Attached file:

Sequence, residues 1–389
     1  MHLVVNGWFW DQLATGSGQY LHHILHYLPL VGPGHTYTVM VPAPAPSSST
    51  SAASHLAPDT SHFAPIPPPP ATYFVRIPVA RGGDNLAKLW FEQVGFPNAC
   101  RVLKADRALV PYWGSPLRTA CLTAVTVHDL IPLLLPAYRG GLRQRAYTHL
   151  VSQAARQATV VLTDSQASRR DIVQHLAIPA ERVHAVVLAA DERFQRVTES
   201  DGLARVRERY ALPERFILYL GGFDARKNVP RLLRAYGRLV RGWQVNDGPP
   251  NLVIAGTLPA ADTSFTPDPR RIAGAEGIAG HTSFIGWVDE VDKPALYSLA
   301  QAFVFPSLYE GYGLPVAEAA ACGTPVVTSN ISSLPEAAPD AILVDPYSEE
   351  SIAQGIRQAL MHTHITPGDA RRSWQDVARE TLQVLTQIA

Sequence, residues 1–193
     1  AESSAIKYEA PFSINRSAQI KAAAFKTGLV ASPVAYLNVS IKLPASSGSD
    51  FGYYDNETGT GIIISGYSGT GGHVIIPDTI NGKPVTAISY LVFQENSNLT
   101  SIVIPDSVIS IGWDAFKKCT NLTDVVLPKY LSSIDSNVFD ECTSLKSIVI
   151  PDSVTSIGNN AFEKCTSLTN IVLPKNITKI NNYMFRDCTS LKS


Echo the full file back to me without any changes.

Sequence, residues 1–389
     1  MHLVVNGWFW DQLATGSGQY LHHILHYLPL VGPGHTYTVM VPAPAPSSST
    51  SAASHLAPDT SHFAPIPPPP ATYFVRIPVA RGGDNLAKLW FEQVGFPNAC
   101  RVLKADRALV PYWGSPLRTA CLTAVTVHDL IPLLLPAYRG GLRQRAYTHL
   151  VSQAARQATV VLTDSQASRR DIVQHLAIPA ERVHAVVLAA DERFQRVTES
   201  DGLARVRERY ALPERFILYL GGFDARKNVP RLLRAYGRLV RGWQVNDGPP
   251  NLVIAGTLPA ADTSFTPDPR RIAGAEGIAG HTSFIGWVDE VDKPALYSLA
   301  QAFVFPSLYE GYGLPVAEAA ACGTPVVTSN ISSLPEAAPD AILVDPYSEE
   351  SIAQGIRQAL MHTHITPGDA RRSWQDVARE TLQVLTQIA

Sequence, residues 1–193
     1  AESSAIKYEA PFSINRSAQI KAAAFKTGLV ASPVAYLNVS IKLPASSGSD
    51  FGYYDNETGT GIIISGYSGT GGHVIIPDTI NGKPVTAISY LVFQENSNLT
   101  SIVIPDSVIS IGWDAFKKCT NLTDVVLPKY LSSIDSNVFD ECTSLKSIVI
   151  PDSVTSIGNN AFEKCTSLTN IVLPKNITKI NNYMFRDCTS LKS